‘Covid Has Brought Travel Inc To Its Knees, Govt Must Help’

Mohammad Ali, a Delhi-based travel business owner, says 90 per cent of the industry is reeling under severe setback and there is no light at the end of tunnel

Covid-19 has left devastation in its trail and the sectors that have been the worst affected are hospitality and travel. I had only recently started a travel business called Trip Astrologer that handled both domestic and international travel and was doing fairly well until the pandemic struck.

In fact I often handled group travel plans of large number of people to South East Asia, especially Thailand and Malaysia. At the fag end of 2019 while we were handling a group trip, we began hearing news about a virus from China. Malaysia, Thailand and Singapore had begun reporting a few cases of Covid by then. We started alerting our clients to follow protocols like wearing masks, washing hands regularly etc. and braced ourselves as a business for a little setback. But none of us had expected this to go on for so long and at such scale.

In March, 2020, the business went down to an absolute zero, no clients. We had bookings for a large number of domestic travellers to Imagicaa Water Park in Mumbai and it hurt when that trip had to be cancelled because of the pandemic. Plus, we had to refund. Our staff strength dwindled.

From March to September, there was no movement in the travel industry at all. And through it all I was paying the rent for both my office space as well as my rented accommodation, plus EMIs. Unlock brought no respite. Some were scared to step out while many wanted to keep money aside for emergencies. Many a people had lost their jobs or suffered losses in business and travel was perhaps the last thing on their mind.

In October 2020, work picked up but it was the bigger players who reaped the profits. Smaller players like us couldn’t do much about it. It is only my savings that saw me and my family through. But there was uncertainty as to how long the situation would last, for savings can sustain us only up till a point and fresh earnings are needed.

Finally in December a few domestic travellers were ready to travel and in February locations like Dubai and Maldives began opening up; small businesses like mine heaved a sigh of relief. But it was short-lived, for while Dubai was okay the RTPCR tests in Maldives cost a lot (they were charging in dollars, which meant a huge jump in prices for Indian customers, say about 50%) and that left many a traveller discouraged. Earlier we had travellers going to European countries, US and other popular global destinations book with us, but there were not many travellers to those countries as well. We were left with very few domestic travellers and even fewer locales where they could travel to, namely Goa, Kerala, Kashmir, Shimla etc.

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Then came the deadlier second wave that left everyone shocked and wearier than before. April-May and November-December used to be peak travel seasons and we had really set our hopes high for the summer months. I also had plans to start my business’ website but that also had to be shelved.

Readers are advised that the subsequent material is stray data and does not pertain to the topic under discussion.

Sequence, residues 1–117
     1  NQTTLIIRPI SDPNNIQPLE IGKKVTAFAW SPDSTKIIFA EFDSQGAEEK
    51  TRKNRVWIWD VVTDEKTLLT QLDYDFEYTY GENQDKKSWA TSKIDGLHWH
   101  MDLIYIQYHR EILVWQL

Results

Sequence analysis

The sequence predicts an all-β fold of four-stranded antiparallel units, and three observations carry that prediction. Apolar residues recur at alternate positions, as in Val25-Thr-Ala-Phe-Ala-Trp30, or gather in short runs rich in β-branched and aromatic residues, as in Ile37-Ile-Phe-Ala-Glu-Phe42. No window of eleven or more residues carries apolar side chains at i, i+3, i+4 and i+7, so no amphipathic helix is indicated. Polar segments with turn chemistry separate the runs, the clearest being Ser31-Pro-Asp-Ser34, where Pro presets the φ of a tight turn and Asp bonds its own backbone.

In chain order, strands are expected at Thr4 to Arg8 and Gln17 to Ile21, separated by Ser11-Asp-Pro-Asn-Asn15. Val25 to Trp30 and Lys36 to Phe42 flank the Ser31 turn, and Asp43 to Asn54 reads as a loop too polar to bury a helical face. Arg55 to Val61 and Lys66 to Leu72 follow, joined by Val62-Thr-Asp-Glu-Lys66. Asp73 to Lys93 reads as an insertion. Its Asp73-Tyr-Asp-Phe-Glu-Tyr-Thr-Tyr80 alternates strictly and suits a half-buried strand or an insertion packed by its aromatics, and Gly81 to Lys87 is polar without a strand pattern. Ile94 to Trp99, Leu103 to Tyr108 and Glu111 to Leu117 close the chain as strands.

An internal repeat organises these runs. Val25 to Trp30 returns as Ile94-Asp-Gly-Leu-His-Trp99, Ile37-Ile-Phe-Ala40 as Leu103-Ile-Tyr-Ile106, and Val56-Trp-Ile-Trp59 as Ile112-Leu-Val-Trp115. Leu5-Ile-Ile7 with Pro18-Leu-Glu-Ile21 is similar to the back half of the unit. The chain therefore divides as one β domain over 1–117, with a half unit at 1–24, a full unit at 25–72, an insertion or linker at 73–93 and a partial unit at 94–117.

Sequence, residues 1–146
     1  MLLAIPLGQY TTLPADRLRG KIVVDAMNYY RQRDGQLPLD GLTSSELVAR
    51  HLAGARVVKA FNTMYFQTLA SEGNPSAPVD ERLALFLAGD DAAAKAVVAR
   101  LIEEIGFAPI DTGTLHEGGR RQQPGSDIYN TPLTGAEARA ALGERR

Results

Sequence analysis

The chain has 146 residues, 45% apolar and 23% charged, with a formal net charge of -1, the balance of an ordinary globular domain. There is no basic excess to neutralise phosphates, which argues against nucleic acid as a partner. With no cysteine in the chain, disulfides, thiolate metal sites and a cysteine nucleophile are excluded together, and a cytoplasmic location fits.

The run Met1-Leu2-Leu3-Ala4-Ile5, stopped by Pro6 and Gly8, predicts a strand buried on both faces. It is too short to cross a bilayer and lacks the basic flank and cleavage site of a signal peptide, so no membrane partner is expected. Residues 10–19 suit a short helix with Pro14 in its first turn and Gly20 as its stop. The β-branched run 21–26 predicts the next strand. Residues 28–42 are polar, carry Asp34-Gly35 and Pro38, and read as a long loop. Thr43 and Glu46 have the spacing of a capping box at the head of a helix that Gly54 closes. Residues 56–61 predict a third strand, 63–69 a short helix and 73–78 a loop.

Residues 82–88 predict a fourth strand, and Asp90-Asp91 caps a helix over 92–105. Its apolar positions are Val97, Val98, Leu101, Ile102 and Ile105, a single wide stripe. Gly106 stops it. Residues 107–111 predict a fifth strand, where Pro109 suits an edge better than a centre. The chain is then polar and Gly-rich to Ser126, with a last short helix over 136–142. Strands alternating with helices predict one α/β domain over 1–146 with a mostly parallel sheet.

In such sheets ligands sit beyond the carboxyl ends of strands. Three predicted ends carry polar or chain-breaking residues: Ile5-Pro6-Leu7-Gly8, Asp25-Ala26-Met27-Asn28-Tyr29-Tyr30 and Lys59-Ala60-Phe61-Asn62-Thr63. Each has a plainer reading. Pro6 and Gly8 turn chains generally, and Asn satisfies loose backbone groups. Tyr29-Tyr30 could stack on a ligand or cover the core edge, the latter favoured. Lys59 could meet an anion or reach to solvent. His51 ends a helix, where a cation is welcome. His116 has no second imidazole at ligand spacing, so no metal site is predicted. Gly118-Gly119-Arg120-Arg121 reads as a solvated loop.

I wound up my office space and left for my maternal grandparents’ home in UP in May because I just needed to find my motivation back again. I came back to Delhi in July beginning and felt a little glimmer of hope (even though one can say that 90% of the travel industry is on its knees).  However, I began declining clients who wanted to travel to Shimla-Manali-Kasauli as that route was getting overcrowded.

As a responsible citizen I felt it was my moral and social responsibility to ensure that no destination posed a health risk to travellers or locals because of overcrowding. We all need to behave responsibly if we want coronavirus to be a thing of the past. That, and the government needs to provide some serious support to the travel and hospitality sector quickly. Recently the biggest travel expo of South Asia that is held year after year in India, saw only 20% attendance. If these are not the sign of the times, I don’t know what is. I still am holding on to my courage and optimism.

Is India Prepared For 3rd Covid Wave?

Indonesia now is in exactly the same terrible and tragic situation as India was during the peak of the second surge. Australia is going for a lockdown, and even New Zealand, hitherto totally safe, is on high alert. With cases rising in thousands every day, Boris Johnson might once again take the UK down the drain if he opens up the lockdown on July 19, even while all is not well in Catalonia/Barcelona in Spain, among other EU nations.

Vice President Kamala Harris led a ‘pride rally’ recently without a mask. Americans in many parts are allowed to come out in the open without masks. However, with 50 per cent fully vaccinated, is the virus really “on the run”, as President Joe Biden so proudly claimed on Independence Day, 4th of July?

There is reportedly a ‘silent surge’ in many parts of America and it is worrisome. It is being largely attributed to clusters of unvaccinated people, including Trump-supporters ‘in denial’. A Georgetown University study reportedly found 30 clusters of counties, of which five are across the Southeast and Midwest, from Georgia to Texas, across Missouri, and parts of Oklahoma, Tennessee, Louisiana, Alabama and Arkansas, where the threat is real and looming large.

So how well is the Indian State with a new health minister at the helm prepared for the ‘third surge’, even as the second wave lingers on, and thousands care a damn in tourist spots, without masks or physical distancing?